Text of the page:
Mark Cuban continues stirring the waters. The billionaire entrepreneur is co-founder of the online pharmacy started in January 2021 to slash drug prices and cut pharmacy benefit managers out of the process. Its inventory has grown from 100 generic drugs to nearly 1,000 in a year. Within six months, the team hopes to offer more than 1,500 medications for just 15% more than it pays manufacturers. In October, the company partnered with its first insurer Capital Blue Cross, which will start covering members’ purchases at Cost Plus Drugs this year. The company in December entered the employer market by partnering with and EmansaRx, the pharmacy benefit manager spun out of the Purchaser Business Group on Health, to provide discounted prescription drugs to self-insured employers.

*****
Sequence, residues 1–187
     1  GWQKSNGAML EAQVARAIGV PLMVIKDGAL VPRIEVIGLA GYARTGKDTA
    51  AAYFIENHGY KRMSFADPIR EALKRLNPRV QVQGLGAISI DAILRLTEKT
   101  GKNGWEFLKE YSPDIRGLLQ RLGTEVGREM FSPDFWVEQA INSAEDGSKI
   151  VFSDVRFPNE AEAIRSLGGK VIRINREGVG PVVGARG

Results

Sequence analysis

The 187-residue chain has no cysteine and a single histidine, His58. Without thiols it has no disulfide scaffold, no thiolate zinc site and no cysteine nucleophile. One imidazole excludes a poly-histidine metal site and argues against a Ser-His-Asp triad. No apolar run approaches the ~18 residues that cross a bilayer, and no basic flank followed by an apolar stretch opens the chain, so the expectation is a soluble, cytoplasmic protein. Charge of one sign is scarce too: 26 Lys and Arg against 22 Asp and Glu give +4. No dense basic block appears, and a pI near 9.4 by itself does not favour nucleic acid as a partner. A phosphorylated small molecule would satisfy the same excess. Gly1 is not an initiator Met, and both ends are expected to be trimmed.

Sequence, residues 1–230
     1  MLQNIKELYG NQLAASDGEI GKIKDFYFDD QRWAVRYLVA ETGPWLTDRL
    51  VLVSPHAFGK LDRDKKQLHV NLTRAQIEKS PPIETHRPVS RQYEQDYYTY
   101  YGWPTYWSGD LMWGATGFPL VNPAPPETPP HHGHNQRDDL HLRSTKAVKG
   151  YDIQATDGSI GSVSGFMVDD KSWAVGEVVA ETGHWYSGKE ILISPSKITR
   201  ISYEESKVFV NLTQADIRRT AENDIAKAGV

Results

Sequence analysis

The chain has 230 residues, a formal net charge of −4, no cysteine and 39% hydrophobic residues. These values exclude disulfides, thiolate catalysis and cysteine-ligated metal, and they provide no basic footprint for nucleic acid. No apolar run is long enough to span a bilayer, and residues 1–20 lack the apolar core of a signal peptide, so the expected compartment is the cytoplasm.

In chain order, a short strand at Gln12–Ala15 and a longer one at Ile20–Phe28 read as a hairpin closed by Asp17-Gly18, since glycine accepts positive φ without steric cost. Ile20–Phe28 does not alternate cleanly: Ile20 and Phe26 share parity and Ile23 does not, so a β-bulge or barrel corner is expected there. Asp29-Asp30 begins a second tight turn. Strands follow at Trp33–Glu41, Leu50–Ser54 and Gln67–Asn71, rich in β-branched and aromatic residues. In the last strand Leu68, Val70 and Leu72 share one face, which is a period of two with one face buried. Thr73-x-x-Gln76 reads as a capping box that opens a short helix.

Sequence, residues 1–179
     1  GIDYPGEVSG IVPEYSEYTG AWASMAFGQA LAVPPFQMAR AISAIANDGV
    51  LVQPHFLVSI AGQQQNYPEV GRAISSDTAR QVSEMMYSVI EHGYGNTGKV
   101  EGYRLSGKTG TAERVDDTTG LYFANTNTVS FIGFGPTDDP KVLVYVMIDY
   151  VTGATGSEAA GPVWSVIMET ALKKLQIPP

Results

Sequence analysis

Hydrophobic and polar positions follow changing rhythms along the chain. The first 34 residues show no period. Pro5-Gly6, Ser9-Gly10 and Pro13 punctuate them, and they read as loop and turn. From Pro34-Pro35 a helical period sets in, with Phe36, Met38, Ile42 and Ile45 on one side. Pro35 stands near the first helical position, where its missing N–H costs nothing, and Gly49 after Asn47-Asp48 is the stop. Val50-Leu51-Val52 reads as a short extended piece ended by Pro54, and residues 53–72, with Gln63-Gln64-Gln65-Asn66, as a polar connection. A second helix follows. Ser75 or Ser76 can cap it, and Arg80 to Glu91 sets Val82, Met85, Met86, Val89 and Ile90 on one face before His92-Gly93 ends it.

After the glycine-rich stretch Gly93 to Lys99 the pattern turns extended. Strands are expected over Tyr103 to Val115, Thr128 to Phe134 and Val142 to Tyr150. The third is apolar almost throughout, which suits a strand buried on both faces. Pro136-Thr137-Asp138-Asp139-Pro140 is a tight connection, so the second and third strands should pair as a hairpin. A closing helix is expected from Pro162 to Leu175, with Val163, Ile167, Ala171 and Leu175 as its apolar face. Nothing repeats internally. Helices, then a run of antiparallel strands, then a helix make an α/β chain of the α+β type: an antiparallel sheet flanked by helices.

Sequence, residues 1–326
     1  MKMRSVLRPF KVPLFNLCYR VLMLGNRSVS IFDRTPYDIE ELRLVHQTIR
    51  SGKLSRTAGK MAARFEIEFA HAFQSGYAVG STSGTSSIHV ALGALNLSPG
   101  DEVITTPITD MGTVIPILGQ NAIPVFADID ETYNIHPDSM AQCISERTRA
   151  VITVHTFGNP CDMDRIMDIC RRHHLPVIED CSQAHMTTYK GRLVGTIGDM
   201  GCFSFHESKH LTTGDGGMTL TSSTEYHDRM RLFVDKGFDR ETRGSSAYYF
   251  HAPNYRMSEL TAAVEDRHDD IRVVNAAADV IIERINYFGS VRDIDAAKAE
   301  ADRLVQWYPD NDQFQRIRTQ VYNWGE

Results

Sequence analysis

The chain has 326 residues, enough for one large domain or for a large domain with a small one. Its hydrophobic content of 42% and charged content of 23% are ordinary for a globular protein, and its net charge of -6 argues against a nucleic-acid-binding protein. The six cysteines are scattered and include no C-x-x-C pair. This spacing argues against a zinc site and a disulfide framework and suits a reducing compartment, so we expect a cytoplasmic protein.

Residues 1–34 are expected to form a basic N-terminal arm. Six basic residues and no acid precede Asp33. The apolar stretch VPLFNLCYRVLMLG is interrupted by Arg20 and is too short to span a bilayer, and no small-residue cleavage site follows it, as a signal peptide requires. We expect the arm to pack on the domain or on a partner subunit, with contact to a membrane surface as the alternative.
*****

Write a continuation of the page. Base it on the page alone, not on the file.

Marc Harrison left Intermountain Healthcare in August for venture capital firm General Catalyst for an unspecified role and later hinted about the formation of a healthcare company aiming to “make healthcare more equitable, accessible and affordable for millions of people across the country and around the world.” In November, General Catalyst announced a partnership with 10 health systems to create a digital health ecosystem and the company plans to add five more partners. General Catalyst will serve as a “think tank” for the 15 organizations and give them access to companies within its expansive digital health portfolio. Digital health is becoming a more integral part of healthcare delivery and Harrison is expected to be a leading voice in how that dynamic evolves.